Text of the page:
“Tegan had a great start, and would have made the short round if her goat hadn’t got up in the final round,” Branquinho said. “Cynthia had two great rounds to start and gave it all her all in the third round but hit a barrel that kept her from making the short round. Jamie had trouble with her first calf and took a no time. She took chances to still try and advance in the go-arounds, but couldn’t pull it off.”
In the men’s team roping evening, Colton Campbell and his event partner Lane Lowry of Cuesta Community College tallied a four-round average of 28.9 seconds for 105 points.
The pair opened with their best time of the competition, 6.6 seconds, then added times of 8.2 and 7.0 seconds in the remaining go rounds, and 7.1 seconds in the final short round.
“Last year I was one spot from qualifying for nationals so that was extra motivation to practice harder and qualify this year,” said Campbell. “I tried to do the best I could and try and win a national title. It was also really rewarding that my horse Nic-n-Pine won the horse of the year. My family and I have had him for 10 years and take a lot of pride in developing him.”
In the men’s steer wrestling competition, junior Dillon Hushour (Fairfield) placed 13th - eight places better than this pre-event national ranking - and missed advancing to the final evening’s short round by one place. His clocked a 4.8-second mark in the second round for his best time of the opening three rounds.
“Dillon had a little tough luck in first round when a steer hung his horn in his vest and that cost him a spot in the final,” said Branquinho. “That’s a freak happening, but he tried to rebound. He placed in the top six in the second round and did well on a steer on the third round that had been tough all week and came up just short.”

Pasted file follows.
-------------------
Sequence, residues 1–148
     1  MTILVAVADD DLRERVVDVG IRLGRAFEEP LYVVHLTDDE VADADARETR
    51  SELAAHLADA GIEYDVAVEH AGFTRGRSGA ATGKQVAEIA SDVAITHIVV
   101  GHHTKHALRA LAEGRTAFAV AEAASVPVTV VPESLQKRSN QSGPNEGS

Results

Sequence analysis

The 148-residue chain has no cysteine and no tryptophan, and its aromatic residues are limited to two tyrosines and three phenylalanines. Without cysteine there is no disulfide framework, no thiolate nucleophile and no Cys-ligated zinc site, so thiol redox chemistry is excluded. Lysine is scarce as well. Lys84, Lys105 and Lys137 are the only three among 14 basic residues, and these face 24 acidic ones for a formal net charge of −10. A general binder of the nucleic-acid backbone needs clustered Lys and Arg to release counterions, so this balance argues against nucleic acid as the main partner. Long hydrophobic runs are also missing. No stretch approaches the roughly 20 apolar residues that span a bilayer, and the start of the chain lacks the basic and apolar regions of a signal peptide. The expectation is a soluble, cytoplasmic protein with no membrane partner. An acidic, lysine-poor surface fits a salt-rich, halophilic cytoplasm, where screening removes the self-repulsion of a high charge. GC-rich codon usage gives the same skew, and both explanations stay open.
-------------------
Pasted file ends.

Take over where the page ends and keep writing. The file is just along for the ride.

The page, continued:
Campbell also competed in steer wrestling and ranked 26th with a combined time of 16.0 seconds. He posted times of 6.7 seconds in the second round, 9.3 seconds in the opening round and no score in the third round.
Complete results are available at http://www.collegerodeo.com/cnfr/cnfr-2016-results.
The Bulldoggers teams capped a successful year under the guidance of the first-year coach Branquinho, and ended the regular season ranked second and third, respectively, in the West Coast Region.
Branquinho joined the team last fall thanks to a gift of more than $300,000 over five years from Central Valley Rodeo Inc. that will also pay for equipment and facility improvements.
“I was proud of how our athletes were great ambassadors for the university at nationals and all season,” said Branquinho. “I received so many compliments from other coaches about their professionalism and positive personalities. We were the only college to have all six kids at the Special Olympics youth session the final day of nationals, so that says a lot about how they want to give back to the sport and community, especially on a day when several of them were competing against the nation’s best. They’re also hard-working in the classroom and helping to build a bright future for this team. Tegan and Cynthia are out of eligibility, but we’re hoping to fill their void with some talented newcomers in the fall.”
The Fresno State rodeo team dates back to 1946 and officially became a club in 1949 — the same year the first College National Finals Rodeo was held in San Francisco. Today, the National Intercollegiate Rodeo Association sponsors more than 100 college rodeos that include 3,500 student members and 137 universities.